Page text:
Participatory Environmental Planning Platform

Participatory Environmental Planning Platform

Soon Ae Chun (College of Staten Island - City University of New York, USA) and Francisco Artigas (Meadowlands Environmental Research Institute, USA)
Copyright: © 2015 |Pages: 23
DOI: 10.4018/978-1-4666-8150-7.ch003


Natural and man-made disasters can pose various threats to the environment and humans. Proper environmental monitoring, early alerts, and response planning and execution are essential. Most government organizations adhere to top-down planning operations, issuing instructions and setting rules and regulations for people to follow. In this chapter, the authors propose a participatory environmental planning platform where environmental planning is based on the data from sensors and “human sensors” to shift from a government-centric to a participatory environmental monitoring and planning paradigm. This platform incorporates intelligent technologies to enhance environmental situation awareness, to promote participatory governance, and to allow citizens to participate in the plan execution; participation is done through local data sharing as necessary to create situation awareness and through a resource sharing provided by citizen volunteers. The authors present a prototype system that provides shared services for the regional municipal governments' environmental planning and response coordination.
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Natural and man-made disaster planning and management is a critical component for urban emergency planning to minimize the impact on public safety, human and property losses, economic losses, and ecological damages. The ability to monitor, alert and mobilize to plan and manage the emergencies in highly populated urban area is an important aspect of ‘smart’ urban planning.

Low-lying, densely populated coastal areas subject to hurricanes and other storms and to man-made pollution in the form of traffic and industrial-related emissions, sewage effluents and waste dumping are particularly in need of environmental monitoring and warning systems to plan rapid response in case of disasters or continuous exposure to the environmental hazardous materials. The planning for natural and man-made environmental emergencies has the following characteristics:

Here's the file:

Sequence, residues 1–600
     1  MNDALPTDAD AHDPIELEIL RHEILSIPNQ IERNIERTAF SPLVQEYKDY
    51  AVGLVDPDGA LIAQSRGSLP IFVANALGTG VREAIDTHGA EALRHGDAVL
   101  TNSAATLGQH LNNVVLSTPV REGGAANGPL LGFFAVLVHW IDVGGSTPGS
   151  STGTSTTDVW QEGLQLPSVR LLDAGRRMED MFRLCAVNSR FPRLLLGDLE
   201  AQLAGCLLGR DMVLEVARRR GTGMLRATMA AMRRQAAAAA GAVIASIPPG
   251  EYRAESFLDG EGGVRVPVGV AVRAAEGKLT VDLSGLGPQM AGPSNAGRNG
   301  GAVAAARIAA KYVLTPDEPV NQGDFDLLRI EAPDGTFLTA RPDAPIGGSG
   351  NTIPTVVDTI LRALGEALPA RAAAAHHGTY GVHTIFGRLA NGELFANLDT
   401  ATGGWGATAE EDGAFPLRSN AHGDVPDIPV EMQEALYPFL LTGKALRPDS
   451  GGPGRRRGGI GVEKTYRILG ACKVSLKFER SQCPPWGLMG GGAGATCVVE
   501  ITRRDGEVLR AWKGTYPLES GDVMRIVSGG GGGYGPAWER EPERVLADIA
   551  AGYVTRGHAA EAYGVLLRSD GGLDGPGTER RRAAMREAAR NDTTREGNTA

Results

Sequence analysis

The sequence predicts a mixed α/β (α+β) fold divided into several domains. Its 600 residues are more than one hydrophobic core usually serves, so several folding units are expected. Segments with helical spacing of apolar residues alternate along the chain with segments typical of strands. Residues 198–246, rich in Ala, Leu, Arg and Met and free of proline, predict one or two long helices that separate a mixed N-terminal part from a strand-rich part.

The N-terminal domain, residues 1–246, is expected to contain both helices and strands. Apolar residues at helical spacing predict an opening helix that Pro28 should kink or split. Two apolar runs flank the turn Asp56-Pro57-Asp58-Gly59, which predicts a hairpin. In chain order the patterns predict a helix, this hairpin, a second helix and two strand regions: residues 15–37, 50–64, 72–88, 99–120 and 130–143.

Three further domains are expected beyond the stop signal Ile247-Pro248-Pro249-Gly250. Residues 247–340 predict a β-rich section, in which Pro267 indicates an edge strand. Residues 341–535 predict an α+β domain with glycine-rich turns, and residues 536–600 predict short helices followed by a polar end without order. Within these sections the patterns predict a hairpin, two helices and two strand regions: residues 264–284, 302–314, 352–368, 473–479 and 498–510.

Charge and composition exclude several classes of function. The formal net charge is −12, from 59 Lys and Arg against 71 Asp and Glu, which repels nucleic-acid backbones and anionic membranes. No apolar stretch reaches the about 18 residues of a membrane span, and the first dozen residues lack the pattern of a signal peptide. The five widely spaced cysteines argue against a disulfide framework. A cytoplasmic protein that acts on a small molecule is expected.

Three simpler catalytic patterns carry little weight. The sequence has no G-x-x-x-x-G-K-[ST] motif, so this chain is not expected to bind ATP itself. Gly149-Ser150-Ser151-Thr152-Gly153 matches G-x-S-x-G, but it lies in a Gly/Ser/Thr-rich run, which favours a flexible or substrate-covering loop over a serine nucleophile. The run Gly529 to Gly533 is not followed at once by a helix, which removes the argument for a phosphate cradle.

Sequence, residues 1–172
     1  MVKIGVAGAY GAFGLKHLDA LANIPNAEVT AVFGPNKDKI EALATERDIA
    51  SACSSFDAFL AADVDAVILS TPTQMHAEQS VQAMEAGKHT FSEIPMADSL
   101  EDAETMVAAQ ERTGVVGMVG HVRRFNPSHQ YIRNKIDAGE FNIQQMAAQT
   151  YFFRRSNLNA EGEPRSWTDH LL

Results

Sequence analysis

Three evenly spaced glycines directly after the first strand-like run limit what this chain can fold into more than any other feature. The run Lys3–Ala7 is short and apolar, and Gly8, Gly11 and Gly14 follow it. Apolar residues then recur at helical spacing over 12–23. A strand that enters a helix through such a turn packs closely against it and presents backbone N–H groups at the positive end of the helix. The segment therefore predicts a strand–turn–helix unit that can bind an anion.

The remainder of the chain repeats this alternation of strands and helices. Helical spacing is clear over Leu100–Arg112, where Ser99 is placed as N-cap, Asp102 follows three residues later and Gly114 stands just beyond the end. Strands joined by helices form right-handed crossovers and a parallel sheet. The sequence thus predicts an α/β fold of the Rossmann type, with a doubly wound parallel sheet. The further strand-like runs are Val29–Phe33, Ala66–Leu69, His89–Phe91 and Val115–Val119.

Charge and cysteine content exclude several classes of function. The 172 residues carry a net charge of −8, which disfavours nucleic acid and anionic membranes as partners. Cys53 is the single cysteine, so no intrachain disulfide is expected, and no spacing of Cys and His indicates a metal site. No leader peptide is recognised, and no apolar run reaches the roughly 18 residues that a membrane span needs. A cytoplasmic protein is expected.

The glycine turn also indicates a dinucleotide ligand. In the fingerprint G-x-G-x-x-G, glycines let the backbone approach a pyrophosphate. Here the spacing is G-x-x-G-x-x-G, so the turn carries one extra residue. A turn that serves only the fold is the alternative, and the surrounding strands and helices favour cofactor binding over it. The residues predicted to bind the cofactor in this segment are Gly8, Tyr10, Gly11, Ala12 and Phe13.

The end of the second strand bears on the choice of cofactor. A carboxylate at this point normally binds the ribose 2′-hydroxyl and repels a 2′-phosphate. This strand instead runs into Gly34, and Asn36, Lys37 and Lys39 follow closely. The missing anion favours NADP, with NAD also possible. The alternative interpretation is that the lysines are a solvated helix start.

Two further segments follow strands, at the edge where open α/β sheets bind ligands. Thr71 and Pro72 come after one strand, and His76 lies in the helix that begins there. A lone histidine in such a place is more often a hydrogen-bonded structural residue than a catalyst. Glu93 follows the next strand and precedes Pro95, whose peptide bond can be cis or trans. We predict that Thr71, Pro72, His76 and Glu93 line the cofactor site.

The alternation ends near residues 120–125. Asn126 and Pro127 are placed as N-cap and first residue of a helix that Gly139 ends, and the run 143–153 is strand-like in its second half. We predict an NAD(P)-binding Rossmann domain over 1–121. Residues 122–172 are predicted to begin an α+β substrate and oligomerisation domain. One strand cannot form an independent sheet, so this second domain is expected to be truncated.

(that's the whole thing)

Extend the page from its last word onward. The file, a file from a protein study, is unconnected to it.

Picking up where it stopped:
• The affected areas often encompass large areas administered by different local jurisdictional authorities.

  • The planning requires all potential affected local governments and local first responders to have adequate alerts for the potential disasters.

  • The planning and management of disaster response require near real-time situation awareness of affected areas and affected population.

  • The response planning and management should ensure that the required resources are available and delivered in the right amount to the right place and to the right people.

In other words, the environmental disaster planning requires coordination of multi-jurisdiction responders and local authorities, effective communication and information sharing for situational awareness, and identification of resources (equipments, vehicles, evacuation sites, experts, and so on). To coordinate a large-scale disaster, local governments and responder teams traditionally form a regional committee and coordinate regular face-to-face meetings and/or virtual telephone conferences with one other to discuss and design contingency plans that can be executed in the response to actual events, and to participate in the drills to make sure the operating procedures can be smoothly followed according to plan. This group of representatives from local governments and responder units may make important planning-related policy decisions based on the lessons learned from the historical events and current situations.

This traditional planning paradigm is a government-centric solution where the planning procedure and decisions are made mostly by government entities. This paradigm has been changing toward an online planning paradigm (called e-planning) where the planning documents, forms and applications are accessible and shared via the Internet to facilitate the collaborative planning activities during recovery. However, with the explosion of social media, advanced communication networks and smart mobile devices, the e-planning paradigm now includes concerned citizens as active participants who can not only receive the planning results but also participate in contributing information to enhance the situation awareness. Citizens also participate in providing public input to evaluate the proposed and existing response plans. We call this emerging planning paradigm a “participatory e-planning,” or an “open e-planning.” The key to open e-planning is citizen participation that is in alignment with the Open Government Directive by the United States Government to increase transparency and to promote collaboration and citizen participation (Open Government Directive, 2010; Transparency and Open Government, 2009; Chun et al., 2010).

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